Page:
Farzad Kamangar
Evin Prison
March 10, 2010

Farzad Kamangar was a teacher who worked in the poor areas of Kurdistan.  He was a human rights and environmental activist. He was arrested, subjected to torture, and sentenced to death in a trial that lasted less than three minutes.


Demonstration Kurdestan

May 13, 2010

People of Kamyaran poured out in streets to show their anger against execution of Farzad Kamangar and other political prisoners

The execution of Farzad Kamangar, a political prisoner, provoked widespread anger in the city of Kamyaran on Sunday. He was a well-known teacher in this city.

The clerical regime, in fear of people’s protest, deployed a large number of suppressive forces and their vehicles across the city, particularly around Kamangar’s residence.

Addressing the crowd who had gathered to express their sympathy and condolences, Farzad’s mother said: “Farzad is not dead, he has just come to life, each of Farzad’s student and people of Kurdistan are one Farzad now.”


Maryam Rajavi: Execution of five political prisoners show mullahs’ fear of uprising and overthrow

May 10, 2010

Maryam Rajavi described barbaric execution of five political prisoners, including a woman, as a sign of the clerical regime’s fear of public uprising to overthrow the faltering regime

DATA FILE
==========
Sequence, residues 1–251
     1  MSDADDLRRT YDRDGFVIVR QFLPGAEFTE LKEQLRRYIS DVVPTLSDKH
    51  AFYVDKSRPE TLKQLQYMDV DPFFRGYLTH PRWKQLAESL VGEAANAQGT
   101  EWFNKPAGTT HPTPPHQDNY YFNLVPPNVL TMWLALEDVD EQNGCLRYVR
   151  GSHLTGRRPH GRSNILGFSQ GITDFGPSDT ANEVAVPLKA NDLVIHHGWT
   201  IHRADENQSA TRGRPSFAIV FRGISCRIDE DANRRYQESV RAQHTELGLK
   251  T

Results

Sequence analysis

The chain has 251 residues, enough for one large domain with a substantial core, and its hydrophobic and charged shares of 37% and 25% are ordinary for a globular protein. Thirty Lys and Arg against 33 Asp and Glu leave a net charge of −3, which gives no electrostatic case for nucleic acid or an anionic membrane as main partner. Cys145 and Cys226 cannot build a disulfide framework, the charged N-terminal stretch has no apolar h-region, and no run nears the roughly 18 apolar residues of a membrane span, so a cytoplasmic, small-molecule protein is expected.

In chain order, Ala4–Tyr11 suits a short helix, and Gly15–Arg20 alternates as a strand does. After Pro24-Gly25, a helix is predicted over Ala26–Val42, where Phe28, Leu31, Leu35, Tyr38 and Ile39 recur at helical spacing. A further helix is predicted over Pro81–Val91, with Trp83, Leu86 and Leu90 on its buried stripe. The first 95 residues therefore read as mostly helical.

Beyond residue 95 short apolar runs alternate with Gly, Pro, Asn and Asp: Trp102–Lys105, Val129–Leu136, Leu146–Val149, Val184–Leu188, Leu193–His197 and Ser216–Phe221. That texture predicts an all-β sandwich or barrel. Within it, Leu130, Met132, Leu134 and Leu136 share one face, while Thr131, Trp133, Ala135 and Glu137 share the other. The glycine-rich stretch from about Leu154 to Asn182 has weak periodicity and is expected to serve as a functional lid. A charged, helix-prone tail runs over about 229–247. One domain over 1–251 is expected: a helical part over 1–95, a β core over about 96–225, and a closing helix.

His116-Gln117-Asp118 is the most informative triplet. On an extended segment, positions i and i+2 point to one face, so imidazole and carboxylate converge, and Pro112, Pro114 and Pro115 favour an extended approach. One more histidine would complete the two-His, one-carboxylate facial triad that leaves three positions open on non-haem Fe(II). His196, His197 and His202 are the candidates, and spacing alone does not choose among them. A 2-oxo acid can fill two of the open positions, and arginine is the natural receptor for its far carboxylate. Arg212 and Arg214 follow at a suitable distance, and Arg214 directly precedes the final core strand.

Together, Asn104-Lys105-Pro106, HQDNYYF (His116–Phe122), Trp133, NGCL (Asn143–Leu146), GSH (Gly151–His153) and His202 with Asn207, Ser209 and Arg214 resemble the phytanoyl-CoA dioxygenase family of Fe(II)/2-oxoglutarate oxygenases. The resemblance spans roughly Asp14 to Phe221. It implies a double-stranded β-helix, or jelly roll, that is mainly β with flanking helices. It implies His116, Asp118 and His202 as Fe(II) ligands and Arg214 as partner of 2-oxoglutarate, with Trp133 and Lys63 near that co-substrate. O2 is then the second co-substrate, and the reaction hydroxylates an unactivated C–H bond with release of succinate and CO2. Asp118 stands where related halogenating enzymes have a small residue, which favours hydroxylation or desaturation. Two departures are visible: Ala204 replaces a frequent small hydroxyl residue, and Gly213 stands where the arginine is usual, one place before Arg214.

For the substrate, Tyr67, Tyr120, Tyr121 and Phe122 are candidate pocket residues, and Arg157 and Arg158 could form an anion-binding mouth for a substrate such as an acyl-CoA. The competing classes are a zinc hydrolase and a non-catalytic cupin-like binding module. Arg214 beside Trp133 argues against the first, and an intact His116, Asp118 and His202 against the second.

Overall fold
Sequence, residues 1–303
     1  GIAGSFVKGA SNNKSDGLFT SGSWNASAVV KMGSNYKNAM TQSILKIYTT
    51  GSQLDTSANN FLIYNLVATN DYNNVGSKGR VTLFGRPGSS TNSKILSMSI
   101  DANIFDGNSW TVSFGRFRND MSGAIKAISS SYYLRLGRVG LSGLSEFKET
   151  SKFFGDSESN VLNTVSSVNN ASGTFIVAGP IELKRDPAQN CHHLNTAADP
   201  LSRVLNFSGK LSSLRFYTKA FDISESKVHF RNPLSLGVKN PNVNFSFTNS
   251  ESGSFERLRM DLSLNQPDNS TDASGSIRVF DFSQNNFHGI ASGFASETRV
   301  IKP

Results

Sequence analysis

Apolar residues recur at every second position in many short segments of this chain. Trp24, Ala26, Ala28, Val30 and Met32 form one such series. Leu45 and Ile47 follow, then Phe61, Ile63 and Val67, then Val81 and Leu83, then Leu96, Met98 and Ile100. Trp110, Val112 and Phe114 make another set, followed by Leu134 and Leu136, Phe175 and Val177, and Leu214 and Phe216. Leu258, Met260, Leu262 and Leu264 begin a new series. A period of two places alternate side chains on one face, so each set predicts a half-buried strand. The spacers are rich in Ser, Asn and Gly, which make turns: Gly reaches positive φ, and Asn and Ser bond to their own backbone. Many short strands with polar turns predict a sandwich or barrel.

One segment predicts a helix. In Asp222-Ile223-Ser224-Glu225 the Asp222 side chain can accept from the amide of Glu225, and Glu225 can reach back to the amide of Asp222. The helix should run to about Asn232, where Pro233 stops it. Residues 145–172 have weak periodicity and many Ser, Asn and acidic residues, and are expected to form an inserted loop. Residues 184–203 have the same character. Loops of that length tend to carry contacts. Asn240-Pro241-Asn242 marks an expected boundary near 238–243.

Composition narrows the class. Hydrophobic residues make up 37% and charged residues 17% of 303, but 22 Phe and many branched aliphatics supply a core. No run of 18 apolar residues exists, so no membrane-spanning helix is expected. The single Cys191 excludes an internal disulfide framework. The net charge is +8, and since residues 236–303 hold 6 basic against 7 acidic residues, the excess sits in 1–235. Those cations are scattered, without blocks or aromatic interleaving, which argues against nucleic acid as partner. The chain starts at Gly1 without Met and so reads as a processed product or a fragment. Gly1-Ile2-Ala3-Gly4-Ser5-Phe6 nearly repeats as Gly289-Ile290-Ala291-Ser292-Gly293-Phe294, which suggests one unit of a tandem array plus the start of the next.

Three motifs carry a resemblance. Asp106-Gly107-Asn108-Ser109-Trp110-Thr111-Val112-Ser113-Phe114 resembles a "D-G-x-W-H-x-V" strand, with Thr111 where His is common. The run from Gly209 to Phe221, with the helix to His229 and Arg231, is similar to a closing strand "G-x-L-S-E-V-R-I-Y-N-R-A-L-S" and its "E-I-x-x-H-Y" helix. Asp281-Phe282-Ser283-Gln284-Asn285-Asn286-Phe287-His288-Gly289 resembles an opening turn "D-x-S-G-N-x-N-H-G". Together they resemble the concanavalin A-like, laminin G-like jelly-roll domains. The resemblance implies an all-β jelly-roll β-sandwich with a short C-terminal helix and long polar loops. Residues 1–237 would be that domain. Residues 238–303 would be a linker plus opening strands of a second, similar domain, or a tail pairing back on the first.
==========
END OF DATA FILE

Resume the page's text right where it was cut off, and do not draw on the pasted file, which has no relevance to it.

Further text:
NCRI – Mrs. Maryam Rajavi, President-elect of the Iranian Resistance, described the execution of five political prisoners, including a woman, as the sign of the regime’s vulnerability in face of the Iranian people’s anger and its fear of spreading of uprising in the country to overthrow the faltering clerical regime.

She added: The clerical regime, following the courageous uprising of the Iranian workers on May Day and on the brink of the anniversary of the beginning of uprising in June, is trying to intensify the atmosphere of intimidation and terror in the country by increasing the number of executions and public hangings and using all sorts of suppressive schemes and widespread arrests of young people and women in various cities.

These outrageous crimes will not, however, save the ruling religious dictatorship in Iran, instead, it will amplify the cries of the Iranian people for freedom and make them even more resolute in their uprising to establish freedom and democracy in Iran, she reiterated.

Mrs. Rajavi called on the United Nations Secretary General, UN Security Council, High Commissioner for Human Rights and other concerned bodies to condemn these heinous crimes and emphasized: The international community is faced with a crucial test; either keep silence in face of the bloodiest dictator of the modern era or impose a firm policy and set the halting of executions, torture and human rights abuses in Iran as a precondition for continued economic and political relations with the regime.